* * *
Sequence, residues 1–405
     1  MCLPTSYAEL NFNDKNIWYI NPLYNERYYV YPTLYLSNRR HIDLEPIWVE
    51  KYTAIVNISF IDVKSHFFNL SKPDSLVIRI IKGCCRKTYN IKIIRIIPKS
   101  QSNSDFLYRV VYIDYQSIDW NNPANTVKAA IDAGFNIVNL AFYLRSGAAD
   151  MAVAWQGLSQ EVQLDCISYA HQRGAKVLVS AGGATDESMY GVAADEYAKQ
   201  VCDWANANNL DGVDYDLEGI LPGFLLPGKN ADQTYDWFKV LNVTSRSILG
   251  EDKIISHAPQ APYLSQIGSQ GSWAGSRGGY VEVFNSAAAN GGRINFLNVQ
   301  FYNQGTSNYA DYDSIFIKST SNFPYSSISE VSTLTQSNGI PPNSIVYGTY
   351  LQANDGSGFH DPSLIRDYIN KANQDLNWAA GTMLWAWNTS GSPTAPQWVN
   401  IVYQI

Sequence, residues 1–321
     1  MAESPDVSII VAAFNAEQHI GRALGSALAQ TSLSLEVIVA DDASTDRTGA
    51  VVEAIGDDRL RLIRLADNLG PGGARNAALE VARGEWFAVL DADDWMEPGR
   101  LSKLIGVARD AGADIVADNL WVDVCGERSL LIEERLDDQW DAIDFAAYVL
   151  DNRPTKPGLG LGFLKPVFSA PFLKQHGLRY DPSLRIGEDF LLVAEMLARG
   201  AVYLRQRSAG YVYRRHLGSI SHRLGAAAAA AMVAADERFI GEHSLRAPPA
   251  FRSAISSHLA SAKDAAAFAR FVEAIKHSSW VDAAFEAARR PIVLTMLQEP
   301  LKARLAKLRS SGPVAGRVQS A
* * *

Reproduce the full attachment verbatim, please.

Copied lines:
Sequence, residues 1–405
     1  MCLPTSYAEL NFNDKNIWYI NPLYNERYYV YPTLYLSNRR HIDLEPIWVE
    51  KYTAIVNISF IDVKSHFFNL SKPDSLVIRI IKGCCRKTYN IKIIRIIPKS
   101  QSNSDFLYRV VYIDYQSIDW NNPANTVKAA IDAGFNIVNL AFYLRSGAAD
   151  MAVAWQGLSQ EVQLDCISYA HQRGAKVLVS AGGATDESMY GVAADEYAKQ
   201  VCDWANANNL DGVDYDLEGI LPGFLLPGKN ADQTYDWFKV LNVTSRSILG
   251  EDKIISHAPQ APYLSQIGSQ GSWAGSRGGY VEVFNSAAAN GGRINFLNVQ
   301  FYNQGTSNYA DYDSIFIKST SNFPYSSISE VSTLTQSNGI PPNSIVYGTY
   351  LQANDGSGFH DPSLIRDYIN KANQDLNWAA GTMLWAWNTS GSPTAPQWVN
   401  IVYQI

Sequence, residues 1–321
     1  MAESPDVSII VAAFNAEQHI GRALGSALAQ TSLSLEVIVA DDASTDRTGA
    51  VVEAIGDDRL RLIRLADNLG PGGARNAALE VARGEWFAVL DADDWMEPGR
   101  LSKLIGVARD AGADIVADNL WVDVCGERSL LIEERLDDQW DAIDFAAYVL
   151  DNRPTKPGLG LGFLKPVFSA PFLKQHGLRY DPSLRIGEDF LLVAEMLARG
   201  AVYLRQRSAG YVYRRHLGSI SHRLGAAAAA AMVAADERFI GEHSLRAPPA
   251  FRSAISSHLA SAKDAAAFAR FVEAIKHSSW VDAAFEAARR PIVLTMLQEP
   301  LKARLAKLRS SGPVAGRVQS A